The logistic function s of the form:

$p(x)=\frac{1}{1+e^{-(x-\mu)/s}}$

where $$\mu$$ is a location parameter (the midpoint of the curve, where $$p(\mu)=1/2$$ and $$s$$ is a scale parameter.

Binary variables are widely used in statistics to model the probability of a certain class or event taking place

Analogous linear models for binary variables with a different sigmoid function instead of the logistic function (to convert the linear combination to a probability) .

$S(x)=\frac{1}{1+e^{-(x)}}$

A sigmoid function is a bounded, differentiable, real function that is defined for all real input values and has a non-negative derivative at each point and exactly one inflection point.

### When use this model?

Well, if the distribution of the data may be distributed this logistic function, or like the sigmoid function, the the outputs may behave as the previous two formulas then this may be a good candidate to test. The logistic regression is a probabilistic approach.

## 2. Support Vector Machines

Support vector machine is based on statistical approaches. Her we try to find a hyperplane that best separates the two classes.

SVM finding the maximum margin between the hyperplanes that means maximum distances between the two classes.

SVM works best when the dataset is small and complex.

When the data is perfectly linearly separable only then we can use Linear SVM.

When the data is not linearly separable then we can use Non-Linear SVM, which means when the data points cannot be separated into 2 classes by using a a linear approach.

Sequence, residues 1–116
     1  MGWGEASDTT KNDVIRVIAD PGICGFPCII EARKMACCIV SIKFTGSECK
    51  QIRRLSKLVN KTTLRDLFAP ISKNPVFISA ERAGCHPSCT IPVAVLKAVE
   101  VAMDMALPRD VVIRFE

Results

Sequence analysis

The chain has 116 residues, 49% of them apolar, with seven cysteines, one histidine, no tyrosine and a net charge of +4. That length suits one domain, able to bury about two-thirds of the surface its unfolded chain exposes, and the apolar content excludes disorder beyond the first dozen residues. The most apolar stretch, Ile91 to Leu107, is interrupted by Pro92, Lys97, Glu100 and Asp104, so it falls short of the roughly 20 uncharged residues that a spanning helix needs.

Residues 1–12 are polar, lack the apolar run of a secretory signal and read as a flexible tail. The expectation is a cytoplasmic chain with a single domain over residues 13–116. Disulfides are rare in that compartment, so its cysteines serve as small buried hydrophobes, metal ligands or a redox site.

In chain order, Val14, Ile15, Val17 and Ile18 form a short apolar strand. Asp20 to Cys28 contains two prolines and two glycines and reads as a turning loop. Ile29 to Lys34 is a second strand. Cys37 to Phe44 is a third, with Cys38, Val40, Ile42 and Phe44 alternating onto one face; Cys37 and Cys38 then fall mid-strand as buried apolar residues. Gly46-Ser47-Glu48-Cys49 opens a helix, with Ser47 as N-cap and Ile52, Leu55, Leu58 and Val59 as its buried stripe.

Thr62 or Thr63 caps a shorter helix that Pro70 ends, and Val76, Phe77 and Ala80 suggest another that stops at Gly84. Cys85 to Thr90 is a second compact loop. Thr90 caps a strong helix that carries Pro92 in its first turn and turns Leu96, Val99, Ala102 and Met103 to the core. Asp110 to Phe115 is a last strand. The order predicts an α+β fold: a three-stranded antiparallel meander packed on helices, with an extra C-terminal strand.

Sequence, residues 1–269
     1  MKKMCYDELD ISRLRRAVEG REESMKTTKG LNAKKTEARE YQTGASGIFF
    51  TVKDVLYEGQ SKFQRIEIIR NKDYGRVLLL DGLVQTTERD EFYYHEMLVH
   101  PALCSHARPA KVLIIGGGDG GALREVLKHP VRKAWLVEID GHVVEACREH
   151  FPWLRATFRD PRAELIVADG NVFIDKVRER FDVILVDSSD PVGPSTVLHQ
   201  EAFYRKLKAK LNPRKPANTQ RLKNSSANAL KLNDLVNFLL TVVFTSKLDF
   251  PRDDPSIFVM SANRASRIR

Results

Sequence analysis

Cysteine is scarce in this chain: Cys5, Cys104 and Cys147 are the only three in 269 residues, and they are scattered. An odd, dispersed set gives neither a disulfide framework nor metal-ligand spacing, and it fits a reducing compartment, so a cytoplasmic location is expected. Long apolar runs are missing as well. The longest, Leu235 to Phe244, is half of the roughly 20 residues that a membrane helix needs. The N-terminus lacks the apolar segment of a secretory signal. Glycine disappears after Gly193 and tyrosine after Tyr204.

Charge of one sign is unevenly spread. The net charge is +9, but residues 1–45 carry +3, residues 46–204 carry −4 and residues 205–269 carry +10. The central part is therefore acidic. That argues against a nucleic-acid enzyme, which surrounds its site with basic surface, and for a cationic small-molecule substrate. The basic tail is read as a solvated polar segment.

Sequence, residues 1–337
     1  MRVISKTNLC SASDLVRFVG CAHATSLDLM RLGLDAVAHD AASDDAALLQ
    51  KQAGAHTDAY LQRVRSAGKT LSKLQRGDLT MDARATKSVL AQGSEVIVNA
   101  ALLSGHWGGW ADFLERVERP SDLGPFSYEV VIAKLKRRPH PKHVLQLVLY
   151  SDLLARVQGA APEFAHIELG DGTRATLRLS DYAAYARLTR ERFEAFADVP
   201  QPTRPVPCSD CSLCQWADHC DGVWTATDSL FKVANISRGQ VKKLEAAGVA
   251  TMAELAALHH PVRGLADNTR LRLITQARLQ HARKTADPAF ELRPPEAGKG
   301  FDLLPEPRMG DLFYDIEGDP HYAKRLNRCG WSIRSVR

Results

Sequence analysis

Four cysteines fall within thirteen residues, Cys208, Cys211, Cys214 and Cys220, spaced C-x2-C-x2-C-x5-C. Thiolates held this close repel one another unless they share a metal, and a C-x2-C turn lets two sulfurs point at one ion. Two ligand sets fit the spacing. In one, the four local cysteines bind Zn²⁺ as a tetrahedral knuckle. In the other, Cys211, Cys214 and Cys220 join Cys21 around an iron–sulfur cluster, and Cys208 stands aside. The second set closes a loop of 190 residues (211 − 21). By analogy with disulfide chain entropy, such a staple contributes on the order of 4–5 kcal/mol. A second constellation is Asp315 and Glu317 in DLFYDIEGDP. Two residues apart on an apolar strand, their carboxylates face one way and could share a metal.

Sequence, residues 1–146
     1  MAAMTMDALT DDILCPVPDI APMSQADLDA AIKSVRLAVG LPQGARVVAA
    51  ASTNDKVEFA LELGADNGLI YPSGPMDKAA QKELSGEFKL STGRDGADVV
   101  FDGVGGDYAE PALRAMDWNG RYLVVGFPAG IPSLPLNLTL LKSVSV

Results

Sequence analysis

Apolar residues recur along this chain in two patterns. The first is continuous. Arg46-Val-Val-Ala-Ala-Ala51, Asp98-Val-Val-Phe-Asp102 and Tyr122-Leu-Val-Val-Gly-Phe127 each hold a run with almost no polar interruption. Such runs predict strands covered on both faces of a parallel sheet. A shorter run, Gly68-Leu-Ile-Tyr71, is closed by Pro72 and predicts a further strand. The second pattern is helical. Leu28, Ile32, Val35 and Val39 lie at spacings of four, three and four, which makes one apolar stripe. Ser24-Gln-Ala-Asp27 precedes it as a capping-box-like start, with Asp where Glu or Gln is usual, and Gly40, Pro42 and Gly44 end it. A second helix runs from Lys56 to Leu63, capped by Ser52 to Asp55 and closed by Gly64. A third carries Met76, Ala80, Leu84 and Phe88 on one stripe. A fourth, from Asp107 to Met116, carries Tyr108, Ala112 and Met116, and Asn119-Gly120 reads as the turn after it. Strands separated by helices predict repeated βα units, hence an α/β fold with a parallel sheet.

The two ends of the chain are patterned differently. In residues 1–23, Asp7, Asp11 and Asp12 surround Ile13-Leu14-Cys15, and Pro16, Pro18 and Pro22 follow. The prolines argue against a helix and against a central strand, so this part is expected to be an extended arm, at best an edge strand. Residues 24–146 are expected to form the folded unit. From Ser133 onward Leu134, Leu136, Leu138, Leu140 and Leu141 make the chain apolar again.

For example in 2 clasess.

SVM is helpful when you have a simple pattern of data, and you can find this hyperplane that allows this separation of the 2 classes.

An interesting point of SVM that you can use Non-Linear SVM that can be used to separate the classses by using a kernel, and with a Decision surface we can obtain this separation of the 2 classes.

### When use this model?

We can use SVM when a number of features are high compared to a number of data points in the dataset. By using the correct kernel and setting an optimum set of parameters. It is effective in high dimensional spaces. Still effective in cases where number of dimensions is greater than the number of samples. Uses a subset of training points in the decision function (called support vectors), so it is also memory efficient.

### 3. Naive Bayes

Naïve Bayes is a probabilistic machine learning algorithm based on the Bayes Theorem, used in a wide variety of classification tasks.

Bayes’ Theorem is a simple mathematical formula used for calculating conditional probabilities.

Conditional probability is a measure of the probability of an event occurring given that another event has (by assumption, presumption, assertion, or evidence) occurred.